One could even say that it is indispensable. Therefore, building a common cause and subsequent unity was in direct conflict with the English. To the disgust and aversion of the British, some of the colonists were committing treason by smuggling goods to the enemy. Officials in Paris had, partly because of the British Navy, abruptly limited importation on items such as rum and molasses in the French West Indies. These planters were desperate to feed themselves and also their slaves, and found salvation through the colonists.
Commerce centers, in particular Newport, Rhode Island, Boston, New York City, and Philadelphia enjoyed surplus wealth through this traitorous trade. The English, of course, were shocked at their subjects’ disloyalty. The British navy was determined and working ardently to starve the French by blockading their ports, and at the same time the colony’s shippers were using fraudulent papers to trade foodstuffs with the adversary. The blockading of the St. Lawrence River, the only entrance to New France, was especially dangerous and difficult.
This treachery led directly to the end of a period of salutary neglect, where the Navigation and Trade Laws were loosely enforced. This itself led later on to the loathed writs of assistance, which were unrestrained search warrants that entirely violated the colonists’ privacy. What the British perceived as reprehensible treason, the colonists saw as a golden trade which they had an absolute right to do. Upon issuance of the Proclamation Act of 1763, a misinterpretation in the colonies and failure to communicate thoroughly provoked outrage in America. The British government, fearing that settlers migrating into the new lands would provoke a series of Indian wars, like that of Pontiac’s Rebellion, believed that the lands should be opened to colonists on a more gradual basis (Reeder).
The King’s Cabinet Council therefore prohibited settlement in the area east of the Appalachian Mountains. The English saw little other alternative. Both the Treaty of Easton in 1758 with the Ohio Valley Indians (which was ratified by the king), and in the avowals of such military vanguards as Colonel Bouquet, the Indians were assured security in the lands west of the Appalachians. This was their compensation for deserting their French allies (Gipson 87). However, the colonists found extreme indignity in this. After all, had they not just shed blood and endured a war to obtain this land? In 1788, groups such as the Patrick Henry group in Virginia and the Richard Henderson group in North Carolina decided to move west, in open defiance of the crown.
Within that same year people were moving west by the thousands. The Proclamation of 1763 was one of the first documents issued to govern the colonies, and it required those already settled in the specified regions to return east. Although it was laxly enforced, the colonists refused to tolerate this, and tension over the Proclamation Act was inevitable. The British felt the colonies they had protected should shoulder some of the responsibility of the enormous debt England had incurred, but were faced with discrepancy from the colonists. The debt of England was the largest ever induced in a war, totaling 140 million pounds, about half of which had been contracted in defending the American colonies. The severe debt, though, was of little concern compared to the thirty-five hundred thousand pounds it would cost to supply and train 10,000 troops for the protection of the colonies (Jennings 145).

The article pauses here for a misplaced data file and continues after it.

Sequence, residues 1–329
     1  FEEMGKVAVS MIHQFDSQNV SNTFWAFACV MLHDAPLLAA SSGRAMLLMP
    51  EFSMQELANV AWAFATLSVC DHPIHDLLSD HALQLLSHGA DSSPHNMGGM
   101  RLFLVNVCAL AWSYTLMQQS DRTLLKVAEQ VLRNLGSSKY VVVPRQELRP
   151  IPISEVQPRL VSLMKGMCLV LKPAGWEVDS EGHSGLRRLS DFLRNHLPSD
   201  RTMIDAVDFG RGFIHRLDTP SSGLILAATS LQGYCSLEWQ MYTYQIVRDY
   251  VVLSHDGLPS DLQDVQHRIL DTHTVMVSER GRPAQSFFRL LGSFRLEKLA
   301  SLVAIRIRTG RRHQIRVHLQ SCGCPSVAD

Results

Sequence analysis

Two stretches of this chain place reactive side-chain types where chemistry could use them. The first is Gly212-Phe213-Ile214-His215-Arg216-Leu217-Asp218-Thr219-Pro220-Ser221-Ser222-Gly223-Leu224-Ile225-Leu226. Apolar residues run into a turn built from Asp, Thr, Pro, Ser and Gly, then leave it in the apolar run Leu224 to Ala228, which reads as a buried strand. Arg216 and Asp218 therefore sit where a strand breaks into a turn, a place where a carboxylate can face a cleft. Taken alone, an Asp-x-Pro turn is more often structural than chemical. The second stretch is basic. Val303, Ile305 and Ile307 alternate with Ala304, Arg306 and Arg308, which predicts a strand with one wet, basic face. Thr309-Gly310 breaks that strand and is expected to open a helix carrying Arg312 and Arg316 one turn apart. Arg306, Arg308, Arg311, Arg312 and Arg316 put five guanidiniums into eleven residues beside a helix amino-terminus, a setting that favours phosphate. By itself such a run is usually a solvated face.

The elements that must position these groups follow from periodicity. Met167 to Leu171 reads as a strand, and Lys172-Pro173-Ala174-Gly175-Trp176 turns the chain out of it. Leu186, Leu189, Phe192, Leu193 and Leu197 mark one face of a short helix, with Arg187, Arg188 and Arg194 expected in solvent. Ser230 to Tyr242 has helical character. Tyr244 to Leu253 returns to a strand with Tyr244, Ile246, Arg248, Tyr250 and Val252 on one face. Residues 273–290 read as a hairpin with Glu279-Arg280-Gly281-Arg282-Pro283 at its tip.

When the French were removed from the North, the British wanted the seacoast colonies to continue raising fresh bodies of militia so that they could take over routine guard duties, releasing regulars for service in the Caribbean area (Chidsey 145). The colonies, however, were generally altogether sick of war. They simply did not want a standing army and did not want to be taxed. The colonists felt this was justified through the notorious slogan “no taxation without representation”. There were no colonists in the English Parliament, therefore they felt they could not be taxed. The Grenville Program, first consisting of revenues with the sole purpose of generating funds, was abhorred in the colonies.
Their determination to have their way fiancinally, although residents of England most definitely carried the burden of the debt, was a threat to British government, and harsher programs were enforced, paving the way to revolution. The war helped to bring about important changes in the British colonies. In addition to the fact of their ocean-wide distance from the mother country, the colonies felt themselves less dependent militarily on the British by the end of the war. They became most concerned with their own problems and put greater value on their own institutions. The French and Indian War prepared colonists for later battles; it was then that good leaders such as Washington, Stark, Putnam, and Pomeroy gained invaluable experience.
In other words, the colonists began to think of themselves as American rather than British. The English had become exasperated in handling the unsatisfiable colonies. Everything they did seemed to do was met with discordance. Revolution, though not known at the time, was imminent. Bibliography Bailey, Thomas and Kennedy, David. The American Pageant.
9th ed. Massachusetts: D.C. Heath and Company, 1991. Chidsey, Donald. The French and Indian War. New York: Crown Publishers, Inc.,1969. Gipson, Lawrence.
“The American Revolution As An Aftermath Of the Great War For the Empire.” The Causes Of the American Revolution. Ed. by John Wahkle. Boston: D.C. Heath and Company, 1950, 82-94. Jennings, Francis. Empire of Fortune.
1st Ed. New York: W.W. Norton & Company, 1988. Reeder, Colonel Red. The French and Indian War.
New York: Thomas Nelson Inc.,1972. History Essays.